Gemsbok calf collected from game capture bomas

A young gemsbok calf was recently left behind after a game auction and we were contacted by the auctioneers to collect the young animal.  No details were given about its origin or what happened to it family group. As our reserve is not suited to the release of gemsbok we will source a suitable release site and relocate it to an area where the animals occur naturally.   In the meantime the animal is doing fine, but needs to go to a permanent home asap.

Gemsbok or Oryx were traditionally found in the north-western and western parts of South Africa, which is the Northern Cape, Kalahari, North West and Western Cape.
In the present day, due to commercial game farming and through breeding and selling, they occur throughout South Africa on game farms. There are no Gemsbok in the Kruger National Park, but they can be seen in a number of other parks especially in the Kgalagadi Transfrontier Park.  The animals prefer dry areas, open savannah and desert grassland.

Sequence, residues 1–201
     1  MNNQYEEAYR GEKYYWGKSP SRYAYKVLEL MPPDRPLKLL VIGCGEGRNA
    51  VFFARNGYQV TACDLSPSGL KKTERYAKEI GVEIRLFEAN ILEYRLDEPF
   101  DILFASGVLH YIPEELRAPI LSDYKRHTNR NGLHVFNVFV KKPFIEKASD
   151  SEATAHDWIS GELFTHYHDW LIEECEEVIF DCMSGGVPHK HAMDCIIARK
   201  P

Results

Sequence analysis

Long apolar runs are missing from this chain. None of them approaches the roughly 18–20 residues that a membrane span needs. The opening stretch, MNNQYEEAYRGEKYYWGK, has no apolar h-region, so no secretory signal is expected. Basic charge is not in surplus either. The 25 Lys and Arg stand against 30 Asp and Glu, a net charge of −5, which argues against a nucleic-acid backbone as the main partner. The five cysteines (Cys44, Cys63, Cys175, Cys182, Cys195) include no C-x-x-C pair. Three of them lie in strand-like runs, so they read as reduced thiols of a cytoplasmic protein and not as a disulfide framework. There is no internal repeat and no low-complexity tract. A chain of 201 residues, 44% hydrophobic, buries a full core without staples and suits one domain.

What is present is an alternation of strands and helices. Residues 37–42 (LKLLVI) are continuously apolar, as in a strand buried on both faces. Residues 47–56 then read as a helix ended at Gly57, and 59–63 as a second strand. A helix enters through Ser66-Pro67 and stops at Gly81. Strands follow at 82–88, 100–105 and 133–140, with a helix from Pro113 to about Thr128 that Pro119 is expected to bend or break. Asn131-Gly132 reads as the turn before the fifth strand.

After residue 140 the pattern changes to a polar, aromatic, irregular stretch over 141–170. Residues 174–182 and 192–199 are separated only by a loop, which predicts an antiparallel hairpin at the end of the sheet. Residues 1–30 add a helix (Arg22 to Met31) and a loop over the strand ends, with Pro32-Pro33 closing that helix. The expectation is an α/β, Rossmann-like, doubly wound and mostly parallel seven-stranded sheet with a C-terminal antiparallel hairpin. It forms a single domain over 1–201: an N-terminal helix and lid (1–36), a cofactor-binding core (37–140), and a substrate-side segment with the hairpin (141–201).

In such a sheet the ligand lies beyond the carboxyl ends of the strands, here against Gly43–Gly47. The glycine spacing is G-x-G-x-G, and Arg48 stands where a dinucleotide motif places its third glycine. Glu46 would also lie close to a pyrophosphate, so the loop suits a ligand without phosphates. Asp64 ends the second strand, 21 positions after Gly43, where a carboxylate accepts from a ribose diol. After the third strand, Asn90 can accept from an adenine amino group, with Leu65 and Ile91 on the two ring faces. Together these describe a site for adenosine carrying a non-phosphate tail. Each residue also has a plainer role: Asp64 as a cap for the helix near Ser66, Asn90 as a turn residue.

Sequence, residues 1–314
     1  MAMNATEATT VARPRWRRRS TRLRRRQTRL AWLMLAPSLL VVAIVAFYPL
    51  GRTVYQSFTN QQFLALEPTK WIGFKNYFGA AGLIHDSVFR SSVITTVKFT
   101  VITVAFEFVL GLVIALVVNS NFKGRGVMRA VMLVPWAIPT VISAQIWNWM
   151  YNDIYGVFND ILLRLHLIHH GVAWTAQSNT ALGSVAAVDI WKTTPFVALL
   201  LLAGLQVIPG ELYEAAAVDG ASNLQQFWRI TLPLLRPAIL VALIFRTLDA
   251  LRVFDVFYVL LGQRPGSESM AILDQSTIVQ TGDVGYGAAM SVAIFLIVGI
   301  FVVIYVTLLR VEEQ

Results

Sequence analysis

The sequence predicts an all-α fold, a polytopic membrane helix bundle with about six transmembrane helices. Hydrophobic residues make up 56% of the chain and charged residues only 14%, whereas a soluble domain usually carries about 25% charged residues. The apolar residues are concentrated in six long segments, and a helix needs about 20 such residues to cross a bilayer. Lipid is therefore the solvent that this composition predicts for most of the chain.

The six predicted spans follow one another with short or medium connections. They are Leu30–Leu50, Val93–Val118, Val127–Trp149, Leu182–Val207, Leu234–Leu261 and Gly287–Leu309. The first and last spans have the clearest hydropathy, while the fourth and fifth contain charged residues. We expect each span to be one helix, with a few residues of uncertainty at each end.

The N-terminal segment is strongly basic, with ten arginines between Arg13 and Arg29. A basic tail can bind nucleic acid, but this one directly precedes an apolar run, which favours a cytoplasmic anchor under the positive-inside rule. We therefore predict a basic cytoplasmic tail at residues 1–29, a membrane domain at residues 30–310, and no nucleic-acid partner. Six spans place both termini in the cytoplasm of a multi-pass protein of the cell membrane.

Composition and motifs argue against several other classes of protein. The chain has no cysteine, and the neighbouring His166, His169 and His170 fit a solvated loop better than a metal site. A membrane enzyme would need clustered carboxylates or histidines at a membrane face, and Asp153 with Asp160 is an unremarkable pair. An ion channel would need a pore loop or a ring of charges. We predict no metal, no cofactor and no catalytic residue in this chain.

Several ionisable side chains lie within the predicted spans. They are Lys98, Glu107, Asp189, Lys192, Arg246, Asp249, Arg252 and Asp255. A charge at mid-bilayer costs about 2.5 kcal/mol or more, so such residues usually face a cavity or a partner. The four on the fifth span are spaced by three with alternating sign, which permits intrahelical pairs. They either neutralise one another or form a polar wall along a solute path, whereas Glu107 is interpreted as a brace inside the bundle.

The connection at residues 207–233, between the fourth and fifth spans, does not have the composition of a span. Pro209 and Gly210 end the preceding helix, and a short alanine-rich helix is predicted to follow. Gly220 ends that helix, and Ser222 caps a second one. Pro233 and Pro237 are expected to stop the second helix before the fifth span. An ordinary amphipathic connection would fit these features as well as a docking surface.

They are gregarious and occur in medium to large breeding herds (mixed bulls, cows and calves), herds consisting of bulls only (bachelor herds) as well as territorial bulls. Both Bulls and cows have horns. The bulls have horns that are more symmetrical and thicker towards the base and the cows often have longer horns, although thinner and often asymmetrical. Bulls are heavier and of stockier build than cows. Males (Bull) weigh in at around 240 Kilograms and Females (Cow) at about 210 Kilograms
Gemsbok reach sexual maturity after about two years. Usually one calf is born after which calf is hidden away (in tall grass or shrubs) from the herd for up to 6 weeks. The cow visits often to let the calf suckle. After the period of about six weeks the calf is introduced to the herd.  Their gestation period is approximately 264 Days and they can live between 15 – 19 years.
They are mainly grazers (grass eaters) but also eat pods of especially the Camel thorn (Acacia erioloba), small shrubs and bushes. They also dig up roots and bulbs to eat, from which they get moisture and thus do not need water often.   Their natural enemies are mainly lion, leopard and hyena, but many gemsbok are killed by man in trophy and biltong hunts.